PROPERTY FROM AN IMPORTANT PRIVATE ASIAN COLLECTION
This imperial jewel is carved from a tianhuang dong stone from Shoushan in Fujian province, and is carved in an ovoid form with three chilong. lts seal inscription is composed of the three-character phrase de ri xin ('Virtue renewed every day'). The phrase de ri xin is derived from Shangshu [The Book of History] where it is written: 'De ri xin, wan bang wei hai. Zhi zi man, jiu zhi nai li.' The meaning of this is that a gentleman should diligently build his moral character, and should daily progress and improve anew. The three characters carved on the Qianlong Emperor's seal thus sum up this phrase. What is even more meaningful is that the Qianlong Emperor used this three-character phrase as a name for one of his private studies. In fact, these words were personally inscribed onto a plaque and hung on the walls of the Jingshengzhai (Studio of Esteemed Excellence) within the Jianfugong (Palace of Established Happiness). But in 1923 (13th year of the Republic), when the Jianfugong was set aflame, the Jingshengzhai perished in the fires and the 'de ri xin' plaque along with it. Thus the fact that this treasure has survived through these perils is very remarkable.
According to the Shiqu baoji [The Precious Collection of the Stone Canal Pavilion], a written record of the paintings and calligraphies of the Qing court, the earliest record of this seal on a work of art dates back to the 8th year of the Qianlong reign (in accordance with 1743) thus dating the seal to before 1743 and within the early Qianlong period. This seal was often used together with the Qianlong Emperor's suo bao wei xian ('the only treasure is virtue') and Qianlong yubi ('Qianlong's imperial brush', fig. 1) seals and most often chopped on to his own imperial calligraphy and paintings and used as the leading seal (at the opening of colophons, fig. 2).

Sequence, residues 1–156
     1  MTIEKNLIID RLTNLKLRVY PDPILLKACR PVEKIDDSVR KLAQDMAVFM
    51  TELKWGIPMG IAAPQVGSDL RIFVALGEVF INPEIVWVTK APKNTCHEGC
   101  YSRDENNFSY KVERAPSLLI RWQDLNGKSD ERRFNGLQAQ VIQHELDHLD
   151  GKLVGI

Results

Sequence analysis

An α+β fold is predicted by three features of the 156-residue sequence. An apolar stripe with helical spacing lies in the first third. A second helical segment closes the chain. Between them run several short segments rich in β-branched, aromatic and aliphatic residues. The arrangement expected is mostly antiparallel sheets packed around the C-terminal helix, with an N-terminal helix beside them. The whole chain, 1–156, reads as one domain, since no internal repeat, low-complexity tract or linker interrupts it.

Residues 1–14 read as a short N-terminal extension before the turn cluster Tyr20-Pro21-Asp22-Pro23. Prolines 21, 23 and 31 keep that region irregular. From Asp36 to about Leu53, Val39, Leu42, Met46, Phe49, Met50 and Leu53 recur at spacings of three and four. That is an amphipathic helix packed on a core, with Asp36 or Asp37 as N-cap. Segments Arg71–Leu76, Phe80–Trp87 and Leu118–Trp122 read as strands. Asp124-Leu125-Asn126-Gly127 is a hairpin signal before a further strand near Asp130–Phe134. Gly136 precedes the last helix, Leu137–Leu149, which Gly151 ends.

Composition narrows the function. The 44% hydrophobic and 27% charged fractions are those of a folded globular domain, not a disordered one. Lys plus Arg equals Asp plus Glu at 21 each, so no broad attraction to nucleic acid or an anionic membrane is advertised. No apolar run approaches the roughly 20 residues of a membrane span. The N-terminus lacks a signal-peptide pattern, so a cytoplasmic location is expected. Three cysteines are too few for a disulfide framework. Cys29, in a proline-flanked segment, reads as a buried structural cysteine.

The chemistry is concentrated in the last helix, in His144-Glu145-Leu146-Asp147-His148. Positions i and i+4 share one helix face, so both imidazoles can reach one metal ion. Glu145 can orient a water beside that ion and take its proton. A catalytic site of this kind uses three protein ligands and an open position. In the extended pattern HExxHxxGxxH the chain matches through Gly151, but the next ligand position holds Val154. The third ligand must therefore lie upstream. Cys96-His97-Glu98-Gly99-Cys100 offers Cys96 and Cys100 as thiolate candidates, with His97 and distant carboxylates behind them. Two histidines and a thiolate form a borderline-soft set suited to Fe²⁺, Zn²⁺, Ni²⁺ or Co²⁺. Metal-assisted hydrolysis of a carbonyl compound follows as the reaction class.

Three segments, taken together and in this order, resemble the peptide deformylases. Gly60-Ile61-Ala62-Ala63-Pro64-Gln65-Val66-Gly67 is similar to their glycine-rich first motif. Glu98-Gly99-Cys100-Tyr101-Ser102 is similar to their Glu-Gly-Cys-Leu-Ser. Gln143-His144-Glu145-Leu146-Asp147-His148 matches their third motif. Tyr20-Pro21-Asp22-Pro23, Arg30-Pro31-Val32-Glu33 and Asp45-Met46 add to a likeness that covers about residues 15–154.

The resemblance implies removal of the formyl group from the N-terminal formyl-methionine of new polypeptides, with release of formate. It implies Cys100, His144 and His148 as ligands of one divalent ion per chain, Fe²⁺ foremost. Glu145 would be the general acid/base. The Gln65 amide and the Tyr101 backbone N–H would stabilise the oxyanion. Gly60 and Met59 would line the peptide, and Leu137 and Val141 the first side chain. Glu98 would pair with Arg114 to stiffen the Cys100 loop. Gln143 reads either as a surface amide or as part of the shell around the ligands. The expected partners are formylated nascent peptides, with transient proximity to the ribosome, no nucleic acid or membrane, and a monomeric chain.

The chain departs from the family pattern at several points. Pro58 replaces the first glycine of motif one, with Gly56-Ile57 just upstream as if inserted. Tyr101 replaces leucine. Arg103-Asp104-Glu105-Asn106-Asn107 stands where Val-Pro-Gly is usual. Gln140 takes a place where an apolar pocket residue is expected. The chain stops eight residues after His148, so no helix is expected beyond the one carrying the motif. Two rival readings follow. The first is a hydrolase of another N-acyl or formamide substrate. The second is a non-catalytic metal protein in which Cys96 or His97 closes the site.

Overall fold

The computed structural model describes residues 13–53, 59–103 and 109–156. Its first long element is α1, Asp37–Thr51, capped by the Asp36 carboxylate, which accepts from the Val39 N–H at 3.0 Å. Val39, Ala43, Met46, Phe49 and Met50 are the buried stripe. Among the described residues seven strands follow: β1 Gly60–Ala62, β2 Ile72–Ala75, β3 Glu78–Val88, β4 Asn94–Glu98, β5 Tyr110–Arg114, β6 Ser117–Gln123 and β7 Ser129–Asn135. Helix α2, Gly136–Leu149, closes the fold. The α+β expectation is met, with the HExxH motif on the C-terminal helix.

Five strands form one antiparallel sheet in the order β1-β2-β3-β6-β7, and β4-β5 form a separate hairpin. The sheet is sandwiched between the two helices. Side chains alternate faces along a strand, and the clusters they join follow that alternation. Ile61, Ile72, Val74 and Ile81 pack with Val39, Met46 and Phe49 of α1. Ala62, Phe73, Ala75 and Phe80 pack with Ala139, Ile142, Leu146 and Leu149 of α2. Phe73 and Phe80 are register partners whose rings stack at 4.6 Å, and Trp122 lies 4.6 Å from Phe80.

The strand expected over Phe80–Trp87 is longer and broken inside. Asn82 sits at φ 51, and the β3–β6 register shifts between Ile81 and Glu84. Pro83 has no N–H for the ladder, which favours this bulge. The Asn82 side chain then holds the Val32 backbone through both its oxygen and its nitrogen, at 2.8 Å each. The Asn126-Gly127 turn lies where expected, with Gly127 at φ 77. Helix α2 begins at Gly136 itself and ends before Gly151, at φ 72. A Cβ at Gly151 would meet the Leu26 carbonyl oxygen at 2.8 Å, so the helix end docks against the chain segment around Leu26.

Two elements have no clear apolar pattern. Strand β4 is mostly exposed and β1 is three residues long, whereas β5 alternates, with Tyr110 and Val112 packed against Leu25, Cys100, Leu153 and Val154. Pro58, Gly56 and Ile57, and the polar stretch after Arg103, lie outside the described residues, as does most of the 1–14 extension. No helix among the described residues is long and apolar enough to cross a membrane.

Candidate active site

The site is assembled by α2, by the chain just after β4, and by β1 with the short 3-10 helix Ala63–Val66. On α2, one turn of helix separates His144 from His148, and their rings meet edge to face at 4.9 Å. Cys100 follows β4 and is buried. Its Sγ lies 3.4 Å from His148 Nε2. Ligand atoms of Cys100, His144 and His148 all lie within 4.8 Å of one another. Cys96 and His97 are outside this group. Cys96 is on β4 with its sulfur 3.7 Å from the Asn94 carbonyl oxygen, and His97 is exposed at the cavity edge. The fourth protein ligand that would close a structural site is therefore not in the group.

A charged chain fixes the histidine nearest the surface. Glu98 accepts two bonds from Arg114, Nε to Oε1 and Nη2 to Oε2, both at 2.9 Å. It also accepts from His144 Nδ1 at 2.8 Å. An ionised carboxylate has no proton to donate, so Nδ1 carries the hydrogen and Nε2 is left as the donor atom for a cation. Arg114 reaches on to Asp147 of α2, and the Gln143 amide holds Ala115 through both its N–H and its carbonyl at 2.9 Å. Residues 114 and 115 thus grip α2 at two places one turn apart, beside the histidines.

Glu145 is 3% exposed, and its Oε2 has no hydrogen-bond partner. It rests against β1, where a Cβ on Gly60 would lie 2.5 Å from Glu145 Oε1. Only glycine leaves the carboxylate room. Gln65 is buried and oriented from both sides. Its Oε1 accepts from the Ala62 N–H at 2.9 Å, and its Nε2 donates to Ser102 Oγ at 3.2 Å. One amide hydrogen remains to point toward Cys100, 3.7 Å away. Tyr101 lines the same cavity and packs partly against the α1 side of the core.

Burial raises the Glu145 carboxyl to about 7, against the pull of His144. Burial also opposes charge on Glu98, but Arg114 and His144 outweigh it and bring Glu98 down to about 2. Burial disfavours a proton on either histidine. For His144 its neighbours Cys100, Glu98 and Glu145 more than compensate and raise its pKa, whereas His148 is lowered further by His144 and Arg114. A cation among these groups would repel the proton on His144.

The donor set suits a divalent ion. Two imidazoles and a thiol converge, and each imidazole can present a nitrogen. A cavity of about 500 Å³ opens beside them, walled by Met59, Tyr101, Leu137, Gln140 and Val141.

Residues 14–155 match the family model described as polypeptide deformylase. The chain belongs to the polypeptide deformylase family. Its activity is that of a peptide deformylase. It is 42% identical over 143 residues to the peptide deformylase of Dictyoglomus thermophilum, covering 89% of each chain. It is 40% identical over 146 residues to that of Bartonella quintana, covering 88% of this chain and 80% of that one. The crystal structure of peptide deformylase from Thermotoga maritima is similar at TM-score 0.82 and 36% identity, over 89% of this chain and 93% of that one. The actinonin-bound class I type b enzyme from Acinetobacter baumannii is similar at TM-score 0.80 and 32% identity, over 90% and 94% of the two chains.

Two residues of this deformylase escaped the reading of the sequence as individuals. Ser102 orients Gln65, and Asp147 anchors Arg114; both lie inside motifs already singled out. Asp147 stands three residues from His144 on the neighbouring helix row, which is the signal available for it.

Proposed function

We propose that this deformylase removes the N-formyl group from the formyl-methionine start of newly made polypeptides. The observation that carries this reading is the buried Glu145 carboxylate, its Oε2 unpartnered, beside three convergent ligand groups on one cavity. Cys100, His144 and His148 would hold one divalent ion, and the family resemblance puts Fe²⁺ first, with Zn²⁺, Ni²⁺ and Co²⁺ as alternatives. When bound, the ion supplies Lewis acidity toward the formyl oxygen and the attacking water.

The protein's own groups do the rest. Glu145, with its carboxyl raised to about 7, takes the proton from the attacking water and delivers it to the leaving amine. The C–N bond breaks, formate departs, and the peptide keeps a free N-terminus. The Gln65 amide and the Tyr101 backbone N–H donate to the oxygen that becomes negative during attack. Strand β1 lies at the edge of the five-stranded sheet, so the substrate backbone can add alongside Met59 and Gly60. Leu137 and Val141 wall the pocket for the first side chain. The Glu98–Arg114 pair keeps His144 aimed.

The stone from which this seal was carved has an excellent texture and its temperature and moisture are very agreeable. The colour of the body has a lustre and shine in its bright yellow, and the top section contains a chilong of a slight tinge of white, which is why we know that this stone is in fact cut from a precious Shoushan Mountain yin guo jin (literally 'gold wrapped in silver') tianhuang stone. This type of soapstone "is rarely seen and an outstanding type of tianhuang stone, which should be considered the most rare and precious of stones as it is the optimum combination of tianhuang and baitian stones," according to Ye Weifu, Zhongguo yin shi [Chinese stone seals]. Moreover, this seal is very large, and is amongst the largest tianhuang seals from the Qianlong period.
The three chilong that are carved atop this imperial seal seem to move naturally, the carved lines of their form are flowing and smooth. Their dense fur and manes flutter with ease without becoming disordered, and their bones and musculature are carved realistically and in great detail. The three animals turn around and playfully clamber to get close to one another, looking around, their faces display their enjoyment. All these characteristics are features associated with typical workmanship of Shoushan craftsmen during the Qianlong period.
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